Ralph welcomes Constitutional scholar Alan Hirsch to talk about how best - amid a pandemic - we can still conduct a legitimate presidential election. And labor writer, Steven Greenhouse, asks the question: Are our grocery deliveries worth a worker’s life?
Alan Hirsch is a constitutional scholar and the chair of the Justice and Law program at Williams College. Dr. Hirsch is the author of numerous works of legal scholarship and many books, including “For the People: What the Constitution Really Says About Your Rights,” “A Citizen’s Guide to Impeachment” and his newest book “A Short History of Presidential Election Crises: (And How to Prevent the Next One)”.
“History teaches us… [that] having these 51 separate elections and then just aggregating them – these winner-take-all elections – in every state and the District of Columbia is an invitation to a squeaker election, a very close election, which turns on a few hundred votes in one or two states. Because of that, it is an invitation to hackers or any other fraudsters… This is a hacker’s dream, the Electoral College. It just makes their lives so much easier to know they just have to change a few hundred votes and they have a decent chance of getting their candidate. And in the popular vote they would have to swing hundreds of thousands of votes.”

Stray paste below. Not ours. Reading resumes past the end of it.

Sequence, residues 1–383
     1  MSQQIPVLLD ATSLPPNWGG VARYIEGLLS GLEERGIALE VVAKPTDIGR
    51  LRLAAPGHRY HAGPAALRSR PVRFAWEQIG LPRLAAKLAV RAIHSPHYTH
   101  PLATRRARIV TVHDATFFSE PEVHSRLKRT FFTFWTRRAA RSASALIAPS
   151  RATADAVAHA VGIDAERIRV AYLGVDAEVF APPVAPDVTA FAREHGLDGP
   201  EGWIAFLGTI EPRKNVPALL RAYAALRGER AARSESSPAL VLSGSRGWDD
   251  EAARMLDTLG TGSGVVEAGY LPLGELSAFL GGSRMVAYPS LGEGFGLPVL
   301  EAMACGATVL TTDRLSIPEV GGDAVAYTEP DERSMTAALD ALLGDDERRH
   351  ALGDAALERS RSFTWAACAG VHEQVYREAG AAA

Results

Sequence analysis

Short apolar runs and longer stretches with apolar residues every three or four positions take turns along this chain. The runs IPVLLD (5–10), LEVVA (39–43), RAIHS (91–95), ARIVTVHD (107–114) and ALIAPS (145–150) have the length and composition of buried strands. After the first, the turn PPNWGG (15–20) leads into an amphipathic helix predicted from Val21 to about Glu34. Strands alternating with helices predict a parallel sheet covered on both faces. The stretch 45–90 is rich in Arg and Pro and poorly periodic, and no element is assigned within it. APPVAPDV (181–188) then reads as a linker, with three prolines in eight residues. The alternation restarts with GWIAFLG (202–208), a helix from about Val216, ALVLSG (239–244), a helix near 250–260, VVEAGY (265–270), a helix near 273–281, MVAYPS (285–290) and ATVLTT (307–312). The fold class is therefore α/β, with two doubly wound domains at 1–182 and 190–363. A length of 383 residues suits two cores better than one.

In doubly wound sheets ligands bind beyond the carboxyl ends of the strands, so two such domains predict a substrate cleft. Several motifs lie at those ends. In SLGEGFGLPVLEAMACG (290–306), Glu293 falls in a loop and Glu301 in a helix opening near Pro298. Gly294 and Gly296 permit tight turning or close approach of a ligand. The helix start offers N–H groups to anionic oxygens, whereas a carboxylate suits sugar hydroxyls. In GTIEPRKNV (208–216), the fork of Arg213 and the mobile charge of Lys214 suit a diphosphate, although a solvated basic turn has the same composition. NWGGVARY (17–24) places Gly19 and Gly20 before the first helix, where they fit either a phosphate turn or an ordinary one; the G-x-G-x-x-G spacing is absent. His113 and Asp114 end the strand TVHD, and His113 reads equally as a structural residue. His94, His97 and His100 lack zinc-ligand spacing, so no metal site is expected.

Alan Hirsch, author of “A Short History of Presidential Election Crises: (And How to Prevent the Next One)”
Steven Greenhouse is an award winning reporter, who covered labor and workplace issues for nineteen years at The New York Times. Mr. Greenhouse has written “Beaten Down, Worked Up: The Past, Present, and Future of American Labor”. He has also served as a business and economics reporter and a diplomatic and foreign correspondent. His latest opinion piece in the New York Times is entitled “Is Your Grocery Delivery Worth a Worker’s Life?”
“Donald Trump is not a friend of American workers. He pretends to be; he campaigned as if he was. One great unfortunate example is that Nancy Pelosi pushed for this new law that would extend paid sick leave to every American worker. But Donald Trump [and]the White House said wait a second, we need to put in a big fat exemption for all companies that have more than 500 employees… Corporate America pushes to exempt the largest, biggest, richest companies from a very basic protection, paid sick days, at a time more than any time in the last 100 years when we need a paid sick days law to protect not just workers, but the community and customers… The Trump Administration [and] Corporate America is very willing to give workers the shaft if it hurts their bottom line or if it’s politically convenient.”
Steven Greenhouse, reporter on labor issues for The New York Times